The Muppets make everything better. In a world of divisiveness and unease, they remain a shining beacon of joy.
To say that A Christmas Carol is a ‘familiar’ story to movie-goers would be an understatement. There have been more than twenty adaptations of the story dating back as early as 1901, and the fact that one of the most beloved adaptations stars the lovable felt creatures should tell you everything you need to know; it’s beloved by all ages, and I want to explore why.
As much as we all shouldn’t need this particular story laid out for us; here’s a brief summary nonetheless: Ebenezer Scrooge (Sir Michael Caine) is a miserly money-lender who despises Christmas almost as much as he despises the people who surround him making merry. He is visited by three spirits one Christmas Eve to try and steer his soul back onto the right path.
In preparation for this review, I rewatched this film last night (as if I need an excuse, I watch it every December) and I was very pleasantly surprised to see that all these years of cynicism haven’t dulled the warm glow this film gives me. It still gives me the same sense of joy and wonders I felt when I first watched it, more so in fact, as the more I watch it, the more I appreciate how well-made it is. The performances, the razor-sharp script, and the soundtrack are all incredible and still have the ability to touch your heart, even though the cast is predominantly made of felt.
Watching with an adult eye, you get more of the jokes that are pitched a bit too far over the children’s head, you appreciate the songs in a whole new way, and you connect further with the heart of the story. I think your perspective changes with age, in fact. As a kid, you’re focused on the story of a grumpy old man changing his ways, and getting a little bit of comeuppance along the way; whereas now, the more I watch it, the more I realise that Bob Cratchitt’s story is the real emotional heart.
At the start of the story, Bob is introduced as a kind of ‘audience surrogate’ he observes Scrooge’s behaviour as we would; uncomprehending, but obedient for fear of losing his income. When we next see him, however, we see the reality of his life, with a wife, and four children, one of which is incredibly sick, but whom the Cratchitt’s can’t afford to get better healthcare for. It is seeing this that shifts Scrooge’s perspective the most, arguably.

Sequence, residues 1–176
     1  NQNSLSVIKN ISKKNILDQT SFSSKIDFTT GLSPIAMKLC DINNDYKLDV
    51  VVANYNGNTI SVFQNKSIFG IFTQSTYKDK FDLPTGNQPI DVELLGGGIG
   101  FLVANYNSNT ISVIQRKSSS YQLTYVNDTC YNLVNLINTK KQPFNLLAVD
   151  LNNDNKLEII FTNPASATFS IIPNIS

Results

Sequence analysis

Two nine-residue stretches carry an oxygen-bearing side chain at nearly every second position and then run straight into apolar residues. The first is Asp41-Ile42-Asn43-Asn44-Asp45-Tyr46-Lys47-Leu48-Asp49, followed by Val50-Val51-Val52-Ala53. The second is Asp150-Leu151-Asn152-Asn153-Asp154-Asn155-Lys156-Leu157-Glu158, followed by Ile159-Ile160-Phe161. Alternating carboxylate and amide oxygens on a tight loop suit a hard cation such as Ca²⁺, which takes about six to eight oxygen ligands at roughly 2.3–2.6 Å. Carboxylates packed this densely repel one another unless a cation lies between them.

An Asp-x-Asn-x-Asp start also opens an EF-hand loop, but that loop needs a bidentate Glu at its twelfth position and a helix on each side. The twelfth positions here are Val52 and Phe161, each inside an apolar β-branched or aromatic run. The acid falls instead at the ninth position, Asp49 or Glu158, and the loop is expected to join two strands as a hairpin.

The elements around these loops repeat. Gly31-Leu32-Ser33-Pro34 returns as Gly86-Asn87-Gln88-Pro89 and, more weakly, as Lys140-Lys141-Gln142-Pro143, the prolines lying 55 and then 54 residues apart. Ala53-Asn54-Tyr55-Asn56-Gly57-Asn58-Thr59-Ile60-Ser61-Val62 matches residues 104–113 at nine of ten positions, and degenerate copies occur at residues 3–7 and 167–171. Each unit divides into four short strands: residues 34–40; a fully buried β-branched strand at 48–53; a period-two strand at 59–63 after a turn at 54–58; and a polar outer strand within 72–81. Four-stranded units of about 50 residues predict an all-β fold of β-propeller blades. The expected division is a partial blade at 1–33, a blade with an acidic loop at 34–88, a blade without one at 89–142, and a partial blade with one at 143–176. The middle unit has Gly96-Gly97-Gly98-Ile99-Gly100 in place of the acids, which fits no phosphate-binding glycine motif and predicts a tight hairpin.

The real accomplishment in all of this is making us forget that we’re watching this highly-emotional dramatic scene unfold entirely (more or less) portrayed by Muppets. I put it to you that the scenes with Tiny Tim are no less impactful in this film than in any other. It may be even more so, and that’s a testament to the work the film does to make this work with their colourful cast of puppets. The fact that Tiny Tim is a small frog made out of fabric ultimately means nothing because of how well-made the film is, it makes suspending our disbelief surrounding these characters so much easier.
Also helping to sell the film is an incredible performance from Sir Michael Caine who plays the role as if he were on stage with the Royal Shakespeare Company, and it pays off spectacularly. You’d never know he was playing opposite Muppets, and it works in the film’s favour.
Scrooge is, by design, a pretty glum character to begin with, and The Muppets around him will be doing the comedic heavy-lifting, having him there makes all the Muppet-based comedy seem well-earned, and makes for a much better balance, all told. Having an actor of his calibre there to sell the drama really ups the ante for the sadder moments, making them all the more poignant, even when they’re between a frog and a pig.
You also can’t talk about this films merits without talking about its songs.
The Muppets have a pretty strong track record with songs, truth be told. Their original big-screen outing gave us the classic ‘Rainbow Connection’ and in more recent times, their 2011 film The Muppets won an Oscar for the song ‘Man or Muppet’ (now I’ve typed the word ‘Muppet’ so often the word looks weird to me) and all the films in-between have been known to have a memorable tune or two. The Muppets Christmas Carol outdoes this by having a soundtrack full of memorable tunes.
From its opening number ‘Scrooge’ through to ‘Thankful Heart’ near the end, you’ll no doubt find yourself humming at least one of the tunes long after the credits have rolled.
When I spoke last week in my Jingle Jangle review, I spoke about this mythical thing called ‘Christmas magic’ and there is no finer example of what I was talking about than this film. I believe it deserves to be esteemed among the higher pantheon of ‘Christmas classics’. It may not seem like it’s worthy at first glance, but I genuinely believe it’s the best adaptation of the story.
It’s pure joy, brimming with wit and happiness, along with that inventive, archaic Muppets spirit that has made them endure for so long. Treat yourself again this year, and settle down to an hour and a half of cinematic bliss that won’t just warm the cockles of your heart, it’ll roast them over an open fire.